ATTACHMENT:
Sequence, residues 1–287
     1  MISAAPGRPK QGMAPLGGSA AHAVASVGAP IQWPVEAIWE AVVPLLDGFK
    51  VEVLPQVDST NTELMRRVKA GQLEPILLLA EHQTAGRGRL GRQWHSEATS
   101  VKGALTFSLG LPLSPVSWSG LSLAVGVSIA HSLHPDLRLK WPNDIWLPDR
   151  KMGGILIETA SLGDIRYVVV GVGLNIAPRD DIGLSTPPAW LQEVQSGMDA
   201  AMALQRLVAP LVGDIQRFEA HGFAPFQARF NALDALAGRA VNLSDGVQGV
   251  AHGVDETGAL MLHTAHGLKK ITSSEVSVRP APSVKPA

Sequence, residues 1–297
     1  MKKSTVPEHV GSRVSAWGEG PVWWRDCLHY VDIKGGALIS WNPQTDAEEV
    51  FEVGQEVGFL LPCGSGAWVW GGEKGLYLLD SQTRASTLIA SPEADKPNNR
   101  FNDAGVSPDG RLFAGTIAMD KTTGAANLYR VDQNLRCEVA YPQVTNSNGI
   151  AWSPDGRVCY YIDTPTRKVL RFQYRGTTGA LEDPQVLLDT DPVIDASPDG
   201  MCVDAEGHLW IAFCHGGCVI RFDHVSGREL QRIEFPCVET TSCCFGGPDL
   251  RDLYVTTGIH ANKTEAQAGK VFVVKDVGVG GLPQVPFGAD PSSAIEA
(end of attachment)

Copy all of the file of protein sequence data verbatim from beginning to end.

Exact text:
Sequence, residues 1–287
     1  MISAAPGRPK QGMAPLGGSA AHAVASVGAP IQWPVEAIWE AVVPLLDGFK
    51  VEVLPQVDST NTELMRRVKA GQLEPILLLA EHQTAGRGRL GRQWHSEATS
   101  VKGALTFSLG LPLSPVSWSG LSLAVGVSIA HSLHPDLRLK WPNDIWLPDR
   151  KMGGILIETA SLGDIRYVVV GVGLNIAPRD DIGLSTPPAW LQEVQSGMDA
   201  AMALQRLVAP LVGDIQRFEA HGFAPFQARF NALDALAGRA VNLSDGVQGV
   251  AHGVDETGAL MLHTAHGLKK ITSSEVSVRP APSVKPA

Sequence, residues 1–297
     1  MKKSTVPEHV GSRVSAWGEG PVWWRDCLHY VDIKGGALIS WNPQTDAEEV
    51  FEVGQEVGFL LPCGSGAWVW GGEKGLYLLD SQTRASTLIA SPEADKPNNR
   101  FNDAGVSPDG RLFAGTIAMD KTTGAANLYR VDQNLRCEVA YPQVTNSNGI
   151  AWSPDGRVCY YIDTPTRKVL RFQYRGTTGA LEDPQVLLDT DPVIDASPDG
   201  MCVDAEGHLW IAFCHGGCVI RFDHVSGREL QRIEFPCVET TSCCFGGPDL
   251  RDLYVTTGIH ANKTEAQAGK VFVVKDVGVG GLPQVPFGAD PSSAIEA